In the early 1890s, entrepreneur Harry Stevens changed the way fans watched live baseball games by inventing the scorecard (also known as a roster card), which identified each player by numbers on a grid. Programs containing these scorecards soon followed, offering teams more space to crow about their accomplishments on the field.

Tobacco companies, banks, and other businesses quickly realized that having their ads on the same piece of paper that fans were staring at for three hours at a stretch might be a very good idea, so they bought advertising space on the cards. Programs offered even more room for these advertisers.

One of the more interesting niches for baseball-memorabilia collectors are vintage programs and scorecards published in the first half of the 20th century by Ivy League colleges. Many or these documents printed for games played by Harvard, Princeton, Yale, Brown, and Dartmouth were nothing more than scorecards, but sometimes full-fledged programs were published. In the 1930s, the going rate for these programs was usually a quarter.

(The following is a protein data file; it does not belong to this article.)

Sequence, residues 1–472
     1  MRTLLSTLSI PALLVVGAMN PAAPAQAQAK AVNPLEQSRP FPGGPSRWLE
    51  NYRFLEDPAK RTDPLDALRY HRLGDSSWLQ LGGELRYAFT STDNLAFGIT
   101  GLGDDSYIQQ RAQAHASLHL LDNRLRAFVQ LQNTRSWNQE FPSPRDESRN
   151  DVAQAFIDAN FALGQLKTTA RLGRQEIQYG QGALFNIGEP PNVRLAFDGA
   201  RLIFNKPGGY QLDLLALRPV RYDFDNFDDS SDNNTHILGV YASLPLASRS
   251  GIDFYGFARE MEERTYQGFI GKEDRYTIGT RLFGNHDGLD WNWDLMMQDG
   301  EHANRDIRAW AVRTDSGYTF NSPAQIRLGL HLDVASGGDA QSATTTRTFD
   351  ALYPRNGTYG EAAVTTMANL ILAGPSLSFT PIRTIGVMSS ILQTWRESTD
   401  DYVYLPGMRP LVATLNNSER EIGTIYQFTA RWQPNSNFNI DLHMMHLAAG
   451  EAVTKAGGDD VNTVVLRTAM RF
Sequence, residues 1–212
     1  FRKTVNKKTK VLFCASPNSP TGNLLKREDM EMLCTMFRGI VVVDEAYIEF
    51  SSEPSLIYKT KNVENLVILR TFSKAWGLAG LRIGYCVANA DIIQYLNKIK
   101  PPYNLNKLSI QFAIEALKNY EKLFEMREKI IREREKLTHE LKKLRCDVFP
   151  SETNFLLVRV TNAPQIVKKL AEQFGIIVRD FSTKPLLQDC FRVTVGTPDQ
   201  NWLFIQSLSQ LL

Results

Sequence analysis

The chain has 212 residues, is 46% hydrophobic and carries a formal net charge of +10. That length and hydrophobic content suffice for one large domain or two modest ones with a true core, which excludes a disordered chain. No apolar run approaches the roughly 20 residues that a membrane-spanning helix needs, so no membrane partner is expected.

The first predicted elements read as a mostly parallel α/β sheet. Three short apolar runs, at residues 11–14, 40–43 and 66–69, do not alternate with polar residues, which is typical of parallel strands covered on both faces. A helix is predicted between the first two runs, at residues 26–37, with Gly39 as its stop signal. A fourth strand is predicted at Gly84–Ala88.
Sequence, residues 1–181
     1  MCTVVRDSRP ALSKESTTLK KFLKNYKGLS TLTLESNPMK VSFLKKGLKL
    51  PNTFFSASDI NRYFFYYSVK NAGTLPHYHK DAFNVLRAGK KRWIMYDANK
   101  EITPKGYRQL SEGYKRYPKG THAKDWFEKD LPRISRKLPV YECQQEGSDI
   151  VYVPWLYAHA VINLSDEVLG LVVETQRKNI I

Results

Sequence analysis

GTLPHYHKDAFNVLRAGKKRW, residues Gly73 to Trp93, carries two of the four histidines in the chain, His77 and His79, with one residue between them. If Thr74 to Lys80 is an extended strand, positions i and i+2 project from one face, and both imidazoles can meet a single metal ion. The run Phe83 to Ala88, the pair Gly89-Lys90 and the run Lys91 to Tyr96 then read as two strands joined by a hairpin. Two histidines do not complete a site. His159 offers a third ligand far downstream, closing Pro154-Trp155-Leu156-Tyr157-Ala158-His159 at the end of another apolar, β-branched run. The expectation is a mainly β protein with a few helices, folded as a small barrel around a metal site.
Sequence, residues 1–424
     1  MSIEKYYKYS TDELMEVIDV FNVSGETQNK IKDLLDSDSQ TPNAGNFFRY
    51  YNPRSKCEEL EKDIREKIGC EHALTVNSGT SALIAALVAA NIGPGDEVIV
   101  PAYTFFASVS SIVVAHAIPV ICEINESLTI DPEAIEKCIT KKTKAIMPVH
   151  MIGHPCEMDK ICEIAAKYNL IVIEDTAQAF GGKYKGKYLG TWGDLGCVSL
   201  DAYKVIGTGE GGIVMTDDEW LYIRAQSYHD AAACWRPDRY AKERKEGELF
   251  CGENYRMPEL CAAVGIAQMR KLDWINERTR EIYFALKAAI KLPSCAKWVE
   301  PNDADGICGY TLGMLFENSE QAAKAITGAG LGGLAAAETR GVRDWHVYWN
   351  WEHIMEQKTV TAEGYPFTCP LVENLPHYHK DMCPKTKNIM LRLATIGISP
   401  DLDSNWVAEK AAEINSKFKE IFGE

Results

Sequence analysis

Another subset of baseball programs are those printed for Negro League games played between the world wars. Negro League ephemera is quite rare and highly sought-after, both by sports fans and historians, who prize such printed materials for the details and statistics they offer scholars.

Among professional teams, Yankee programs and scorecards are always in demand, thanks to the team’s large fan base and legendary roster of players, from Babe Ruth to Mickey Mantle. Other former-New York teams, the Giants and Dodgers, are also collected, owing to their roots in the Big Apple, as well as their new fan bases in San Francisco and Los Angeles, respectively.

Programs printed for season openers are usually more sought after than those from the rest of the season, while special programs published for an All-Star Game or World Series are most valuable of all.

One of the many interesting aspects of baseball programs is the way in which the graphics on their covers changed with the times. For example, programs from the 1920s resemble nothing so much as political campaign posters, especially those that were designed as jugates, with one player framed on the left and an opposing player framed on the right...

During World War II, patriotic imagery was often incorporated into the design of the program—a flag, soldiers listening to a game on the radio, etc. Programs from the 1950s tended to be illustrated, while many of those from the 1960s had a Mid-century Modern look to them. By the 1970s, color photography and bold graphics had largely taken over.

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